Firefly Fiber Broadband, a subsidiary of Nelson County-based Central Virginia Electric Cooperative, has submitted a proposal to Amherst County to expand a fiber-optic network across the county to reach every location considered unserved by reliable high-speed internet.
Firefly recently has worked with Amherst County to provide broadband through fiber in rural portions of the county through use of Coronavirus Aid, Relief and Economic Security (CARES) Act money.
“CVEC and Firefly are answering a call from our our fellow residents to bring affordable, high speed internet to the area so we can close the digital divide and keep them in rural communities,” the proposal reads.
Formed in 2018, Firefly began operating a year later with a handful of active accounts; it has grown to 7,500 accounts with a goal of exceeding 14,000 by the end of 2021, according to the proposal. The fiber construction would allow Appalachian Power Company electric distribution line routing overhead and underground, the document states.
The Amherst County Broadband Authority reviewed the proposal during its April 20 meeting and authorized County Administrator Dean Rodgers to move forward with the process of building out the entire county with fiber optic cable.
David Proffitt, assistant county administrator and purchasing agent, said the authority board’s action does not yet mean the proposal officially is accepted but initiates a process to advertise it for 45 days and seek competing proposals. A county committee would evaluate the proposals and come back to the board for further recommendation and action, Proffitt said.
Firefly already has 830 locations in Amherst County and will offer service to another 750 locations with the CVEC fiber network buildout late this year and into the first half of next year, according to the document. The proposal would make service available to all other unserved locations throughout the county.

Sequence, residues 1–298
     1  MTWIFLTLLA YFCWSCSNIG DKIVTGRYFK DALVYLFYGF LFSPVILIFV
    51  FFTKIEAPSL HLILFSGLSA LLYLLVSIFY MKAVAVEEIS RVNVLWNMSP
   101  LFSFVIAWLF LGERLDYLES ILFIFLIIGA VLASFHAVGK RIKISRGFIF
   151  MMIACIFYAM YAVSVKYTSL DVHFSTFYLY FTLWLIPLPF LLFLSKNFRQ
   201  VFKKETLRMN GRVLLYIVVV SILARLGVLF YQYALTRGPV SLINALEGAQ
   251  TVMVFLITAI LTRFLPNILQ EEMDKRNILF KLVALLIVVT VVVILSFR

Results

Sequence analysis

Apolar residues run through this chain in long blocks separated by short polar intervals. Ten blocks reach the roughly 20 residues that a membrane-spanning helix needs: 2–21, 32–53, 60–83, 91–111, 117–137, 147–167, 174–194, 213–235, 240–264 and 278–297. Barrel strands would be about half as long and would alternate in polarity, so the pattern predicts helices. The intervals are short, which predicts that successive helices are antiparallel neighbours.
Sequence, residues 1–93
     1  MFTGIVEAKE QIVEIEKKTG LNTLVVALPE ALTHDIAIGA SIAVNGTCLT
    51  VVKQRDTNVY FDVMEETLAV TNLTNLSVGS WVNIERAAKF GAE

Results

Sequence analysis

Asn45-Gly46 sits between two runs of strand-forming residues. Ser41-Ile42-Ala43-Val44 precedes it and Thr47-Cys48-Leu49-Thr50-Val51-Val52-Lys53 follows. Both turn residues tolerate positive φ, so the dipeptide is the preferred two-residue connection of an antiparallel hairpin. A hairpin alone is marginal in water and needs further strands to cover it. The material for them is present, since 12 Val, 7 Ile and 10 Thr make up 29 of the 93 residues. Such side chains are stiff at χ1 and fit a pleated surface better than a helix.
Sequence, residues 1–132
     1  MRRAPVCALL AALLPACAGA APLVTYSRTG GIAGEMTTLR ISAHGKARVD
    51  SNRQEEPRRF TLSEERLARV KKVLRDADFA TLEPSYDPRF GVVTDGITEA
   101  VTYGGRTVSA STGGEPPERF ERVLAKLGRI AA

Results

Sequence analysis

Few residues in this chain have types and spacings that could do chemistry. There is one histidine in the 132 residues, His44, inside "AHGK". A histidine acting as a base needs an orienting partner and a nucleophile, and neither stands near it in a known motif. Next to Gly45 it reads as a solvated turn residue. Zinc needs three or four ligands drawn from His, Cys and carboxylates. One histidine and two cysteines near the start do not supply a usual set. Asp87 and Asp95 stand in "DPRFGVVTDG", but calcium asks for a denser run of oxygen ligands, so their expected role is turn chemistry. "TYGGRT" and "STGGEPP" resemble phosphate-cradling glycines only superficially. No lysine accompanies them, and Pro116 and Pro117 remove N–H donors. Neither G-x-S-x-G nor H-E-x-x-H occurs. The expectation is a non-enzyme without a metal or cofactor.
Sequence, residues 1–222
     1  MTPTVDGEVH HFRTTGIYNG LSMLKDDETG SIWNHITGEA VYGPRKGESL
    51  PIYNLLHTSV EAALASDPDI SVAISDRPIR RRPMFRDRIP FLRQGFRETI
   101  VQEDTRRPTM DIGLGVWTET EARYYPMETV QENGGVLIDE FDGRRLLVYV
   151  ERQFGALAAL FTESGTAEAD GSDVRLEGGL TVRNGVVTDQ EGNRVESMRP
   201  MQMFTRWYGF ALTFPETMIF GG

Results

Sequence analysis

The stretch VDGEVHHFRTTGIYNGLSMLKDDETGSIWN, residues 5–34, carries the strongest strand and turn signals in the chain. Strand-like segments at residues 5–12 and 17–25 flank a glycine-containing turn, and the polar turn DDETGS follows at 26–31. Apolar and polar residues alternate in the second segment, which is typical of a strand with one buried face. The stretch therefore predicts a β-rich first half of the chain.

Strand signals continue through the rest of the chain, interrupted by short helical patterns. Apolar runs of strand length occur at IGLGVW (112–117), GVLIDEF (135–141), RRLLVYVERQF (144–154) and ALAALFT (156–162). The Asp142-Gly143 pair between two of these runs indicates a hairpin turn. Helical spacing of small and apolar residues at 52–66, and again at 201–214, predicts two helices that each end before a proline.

“What we’re really trying to do is cover the rest of the county,” Rodgers said of expanding broadband.
A preliminary estimate indicates 5,200 unserved locations outside of the current Firefly service area and the CVEC electric territory, according to county documents. Firefly would extend service cable up to 1,000 feet from the fiber network system at no cost to any location requesting service and for extensions beyond 1,000 feet it would offer a cost for labor and equipment necessary, about $1.20 per foot, the proposal reads.
The timeline for the proposed project targets full completion by summer 2024. Firefly plans to invest $22.5 million and the proposal includes a request of $3,062,400 in funding from the Amherst County Board of Supervisors, as well as $5.5 million from a state Virginia Telecommunications Initiative (VATI) or any other state or federal grant source.
Rodgers said the county’s $3 million investment would be used for matching grants.
“Our money is sort of held in reserve for the grant applications — to be the match,” he said.
The county did not receive three recent VATI grants it applied for, Rodgers said, and $500,000 in CARES money has gone toward work already done by CVEC and Firefly. Rodgers said the county learned a lot from the VATI grant application process and making applications more competitive.
The county also has more CARES Act available and the American Rescue Plan Act recently signed into law also has freed up more than $5 million that could be used for infrastructure investments such as broadband, according to Rodgers. He said the county anticipates more federal money could be available as well.
Amherst County officials have made no decisions yet in the project proposal with a total build out of $31 million. The county’s potential investment of $3 million, if the project were approved, represents a maximum of $1 per foot in funding with a maximum of 580 miles of fiber, the proposal shows.
Firefly would use a private loan to finance its investment, it states.